# Thread: Equations of perpeddicual vectors in three-space

1. ## Equations of perpeddicual vectors in three-space

the question goes as such: write the parametric equations of the line that goes through point (6, -2, 1) and is perpendicular to both

f: [x,y,z]=[1, 4, -2] +t[3,-1,1] and
u: [x,y,z]=[9,5,-3]+s[1,-3,7]

I think that if a vector is perpendicular to two vectors with different directions then it must be perpendicular at the point where vectors f and u intersect. I think that in this situation I would use the cross product between the two vector f x u to produce the direction vector of the unknown third vector and go from there.

2. Originally Posted by darksoulzero
the question goes as such: write the parametric equations of the line that goes through point (6, -2, 1) and is perpendicular to both

f: [x,y,z]=[1, 4, -2] +t[3,-1,1] and
u: [x,y,z]=[9,5,-3]+s[1,-3,7]

I think that if a vector is perpendicular to two vectors with different directions then it must be perpendicular at the point where vectors f and u intersect. I think that in this situation I would use the cross product between the two vectors f x u to produce the direction vector of the unknown third vector and go from there.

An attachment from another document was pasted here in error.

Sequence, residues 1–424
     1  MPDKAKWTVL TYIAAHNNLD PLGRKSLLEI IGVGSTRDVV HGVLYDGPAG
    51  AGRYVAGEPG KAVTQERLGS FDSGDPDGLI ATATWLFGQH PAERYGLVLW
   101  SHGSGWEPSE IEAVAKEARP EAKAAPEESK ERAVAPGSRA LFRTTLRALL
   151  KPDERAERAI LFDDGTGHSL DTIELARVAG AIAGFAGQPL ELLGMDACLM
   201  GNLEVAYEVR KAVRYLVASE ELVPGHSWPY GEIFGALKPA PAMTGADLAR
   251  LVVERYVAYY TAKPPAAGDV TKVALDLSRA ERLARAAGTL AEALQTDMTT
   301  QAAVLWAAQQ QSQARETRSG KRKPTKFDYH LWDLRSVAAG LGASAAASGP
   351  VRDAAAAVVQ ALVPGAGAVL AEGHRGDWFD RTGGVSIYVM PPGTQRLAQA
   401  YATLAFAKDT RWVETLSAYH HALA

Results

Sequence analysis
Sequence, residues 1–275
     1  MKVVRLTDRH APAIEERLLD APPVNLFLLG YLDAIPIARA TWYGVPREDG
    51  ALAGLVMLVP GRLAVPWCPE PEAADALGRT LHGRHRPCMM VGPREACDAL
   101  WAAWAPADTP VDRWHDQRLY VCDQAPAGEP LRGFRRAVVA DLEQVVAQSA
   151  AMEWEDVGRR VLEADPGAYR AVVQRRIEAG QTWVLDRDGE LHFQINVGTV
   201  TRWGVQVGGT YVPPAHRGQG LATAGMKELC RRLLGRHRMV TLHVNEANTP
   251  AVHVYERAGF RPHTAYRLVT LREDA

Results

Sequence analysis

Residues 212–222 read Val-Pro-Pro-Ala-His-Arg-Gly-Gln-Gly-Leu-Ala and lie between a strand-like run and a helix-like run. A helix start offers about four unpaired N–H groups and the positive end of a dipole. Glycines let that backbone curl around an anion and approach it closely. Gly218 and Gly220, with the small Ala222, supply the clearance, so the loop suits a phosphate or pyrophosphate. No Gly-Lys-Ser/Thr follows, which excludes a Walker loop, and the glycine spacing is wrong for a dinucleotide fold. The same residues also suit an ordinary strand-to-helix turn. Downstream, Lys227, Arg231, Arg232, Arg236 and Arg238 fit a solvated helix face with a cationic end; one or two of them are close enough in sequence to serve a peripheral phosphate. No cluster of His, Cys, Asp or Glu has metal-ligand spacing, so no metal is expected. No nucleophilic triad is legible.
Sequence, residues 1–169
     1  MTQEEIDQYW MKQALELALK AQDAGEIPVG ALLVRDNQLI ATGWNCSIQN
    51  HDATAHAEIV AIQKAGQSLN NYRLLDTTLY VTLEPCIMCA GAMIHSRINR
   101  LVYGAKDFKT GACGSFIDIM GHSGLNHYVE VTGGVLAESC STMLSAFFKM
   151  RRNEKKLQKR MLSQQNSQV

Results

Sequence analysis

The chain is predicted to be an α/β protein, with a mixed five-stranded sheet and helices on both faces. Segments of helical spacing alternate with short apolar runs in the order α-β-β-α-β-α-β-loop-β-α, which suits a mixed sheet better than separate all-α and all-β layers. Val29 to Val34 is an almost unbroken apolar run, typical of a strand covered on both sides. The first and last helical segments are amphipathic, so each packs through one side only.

sounds like a plan

3. Originally Posted by darksoulzero
the question goes as such: write the parametric equations of the line that goes through point (6, -2, 1) and is perpendicular to both
f: [x,y,z]=[1, 4, -2] +t[3,-1,1] and
u: [x,y,z]=[9,5,-3]+s[1,-3,7]
You really need to review this question. Check all the the numbers.
There is a unique line that is perpendicular to these skew lines.
However the point (6,-2,1) is not on that line.

4. Originally Posted by Plato
You really need to review this question. Check all the the numbers.
There is a unique line that is perpendicular to these skew lines.
However the point (6,-2,1) is not on that line.
I thought it was weird also, but the numbers are correct. I think there may have been a problem in the printing in the textbook.